Wednesday, September 14, 2011

A New View of "Reality"

Wow. I haven’t posted anything here in six months! All that moving of “furniture” didn’t leave much energy for writing, and it’s still going on. But it’s cool and rainy today after a blistering-hot summer, and it’s past time to update the blogs.

So, what has changed during this time?

First of all, both my skill level and my confidence in my own abilities with the horses have increased dramatically. Now, when I have a horse on a lead line and she challenges me, I laugh and just keep making the request. People repeatedly tell me how “graceful” and “effortless” it looks when I’m working with a horse on the ground—and I feel it, too. The horses respond better and quicker, and after the work they relax with me, heads down, snuffling my arm or my rib cage.

I notice that I’m no longer afraid to go work with a volunteer or a potential adoptive owner when they need a little guidance. I’ve grown into my title: “Lead Intern.” I still know my limitations, but what I know and do well, I’m happy to share.

But the change is not quite that all-encompassing. This became evident yesterday, when my trainer friend “Jay” and I were discussing an volunteer award application that a fellow intern had submitted to his company. To me, it seemed to be a self-congratulatory piece of fluff, with miniscule grains of truth spun like cotton candy. I was offended; even though those grains were real, how dare he submit such a thing?

Jay had quite a different take on it. Though he recognized the fluff, Jay felt like the entire document was well written and perfectly acceptable. We argued back and forth for an hour or so, as we worked with the horses. I got upset to the point where I had to walk away for a bit. When I came back, he had me read some of the offending parts aloud, with my own inflection.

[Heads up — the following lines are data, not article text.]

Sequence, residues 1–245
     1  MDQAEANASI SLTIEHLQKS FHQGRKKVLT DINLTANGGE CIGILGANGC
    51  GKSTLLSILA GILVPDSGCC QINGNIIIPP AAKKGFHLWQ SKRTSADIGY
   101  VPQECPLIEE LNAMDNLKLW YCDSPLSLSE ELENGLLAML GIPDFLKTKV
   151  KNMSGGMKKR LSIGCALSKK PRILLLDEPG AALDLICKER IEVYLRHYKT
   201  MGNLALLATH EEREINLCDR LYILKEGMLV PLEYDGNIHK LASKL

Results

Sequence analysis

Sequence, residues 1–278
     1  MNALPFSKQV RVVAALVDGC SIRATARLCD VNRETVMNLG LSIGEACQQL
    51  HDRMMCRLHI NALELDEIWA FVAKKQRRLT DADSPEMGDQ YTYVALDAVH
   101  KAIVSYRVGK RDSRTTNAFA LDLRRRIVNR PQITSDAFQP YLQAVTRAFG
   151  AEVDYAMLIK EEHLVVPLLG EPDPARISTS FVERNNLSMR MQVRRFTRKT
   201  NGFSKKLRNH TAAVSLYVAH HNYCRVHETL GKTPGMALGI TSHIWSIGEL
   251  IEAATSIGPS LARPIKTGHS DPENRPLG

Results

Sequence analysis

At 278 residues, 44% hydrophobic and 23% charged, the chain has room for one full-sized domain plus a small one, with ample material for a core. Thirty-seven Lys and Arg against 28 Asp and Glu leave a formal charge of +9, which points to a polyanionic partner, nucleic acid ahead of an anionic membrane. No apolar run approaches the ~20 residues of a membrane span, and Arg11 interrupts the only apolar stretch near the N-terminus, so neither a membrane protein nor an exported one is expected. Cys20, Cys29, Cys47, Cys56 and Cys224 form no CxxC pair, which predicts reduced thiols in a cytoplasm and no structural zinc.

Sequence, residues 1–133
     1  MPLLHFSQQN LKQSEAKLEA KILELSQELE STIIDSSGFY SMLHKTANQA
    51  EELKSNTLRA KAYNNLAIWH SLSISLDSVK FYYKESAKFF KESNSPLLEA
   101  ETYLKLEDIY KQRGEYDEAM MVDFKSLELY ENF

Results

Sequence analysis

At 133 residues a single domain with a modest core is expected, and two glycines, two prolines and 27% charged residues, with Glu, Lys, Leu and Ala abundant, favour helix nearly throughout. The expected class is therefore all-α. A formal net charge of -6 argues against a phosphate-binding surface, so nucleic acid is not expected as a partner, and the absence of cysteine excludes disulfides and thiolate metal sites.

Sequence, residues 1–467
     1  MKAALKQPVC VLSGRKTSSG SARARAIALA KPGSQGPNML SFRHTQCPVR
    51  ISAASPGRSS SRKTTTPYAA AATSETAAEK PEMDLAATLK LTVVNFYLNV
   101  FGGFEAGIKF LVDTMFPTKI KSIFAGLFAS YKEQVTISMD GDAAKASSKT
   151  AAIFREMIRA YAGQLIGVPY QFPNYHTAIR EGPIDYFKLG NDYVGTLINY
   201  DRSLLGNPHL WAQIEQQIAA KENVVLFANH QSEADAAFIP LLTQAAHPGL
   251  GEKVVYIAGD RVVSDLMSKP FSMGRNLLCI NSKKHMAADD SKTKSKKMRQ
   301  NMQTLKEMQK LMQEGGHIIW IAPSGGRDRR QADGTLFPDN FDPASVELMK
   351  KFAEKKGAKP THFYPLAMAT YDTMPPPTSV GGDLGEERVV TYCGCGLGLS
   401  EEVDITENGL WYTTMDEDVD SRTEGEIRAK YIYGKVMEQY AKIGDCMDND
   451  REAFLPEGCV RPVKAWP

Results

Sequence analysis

He waited patiently until I was finished, and I commented, “For his next trick, he’ll walk on water!” Jay laughed out loud and said, “But it’s all true!” I just stood there for a minute with my mouth hanging open. Then two things happened.

First, I started to cry. Fortunately, Jay knows me well enough (and our relationship is good enough) to take tears in stride and not try to fix anything. Second, I realized that the reason for the tears was the realization that in fact, it was all true, and true of me, too. It is true—and yet I would never have considered saying it, much less putting it into writing.

Parabola Magazine posted a quote on their facebook status yesterday. Here’s part of it:

When we see, the world enters us. And, contrary to what we may assume, it does not flow from eyes to brain as a stream of purely objective data. We build the gates that receive the world… (Trebbe Johnson in "Where's the Temple?: Seeing Behind the Foreground," PARABOLA, Fall, 2011).
Just the day before, I opened Greg Mogenson’s Greeting the Angels: An Imaginal View of the Mourning Process, and read this:

Living out each day as if it were the eternal recurrence of some yesterday we could not grieve, our fundamental adaptation to life gradually becomes more and more antiquated until, at least, we ourselves become outmoded (p. 9).
The premise here is that what we experience, and particularly (according to Mogenson) what we ardently desire but cannot have, or that we lose, determines—not just influences—how we perceive the world. It takes a huge effort even to make a crack in the blinders, the filter, that creates our version of reality.

Realizing this, it’s easier to understand why I initially saw my fellow intern’s material as “spun” to the point of falsehood, and perceived it as malicious or even threatening:  because I would never allow myself to toot my own horn in that way. No matter that it was true; I was unable to see it. To do so would violate my perception of reality, based on my long-ago experiences.

As a child, I developed the conviction that no matter what I did, I was never going to be good enough to satisfy my parents, much less the world at large. That filter, that gate, has been so effective that only now, in my seventh decade, can I even begin to question my conditioned version of reality. That someone else, doing largely the same things as I do every day, would interpret his own importance so differently was a huge challenge to me.

Well, there’s something to be said for a shock to the ego—and this shock was a positive one. I’m going to have to challenge my own worldview here, starting right now.

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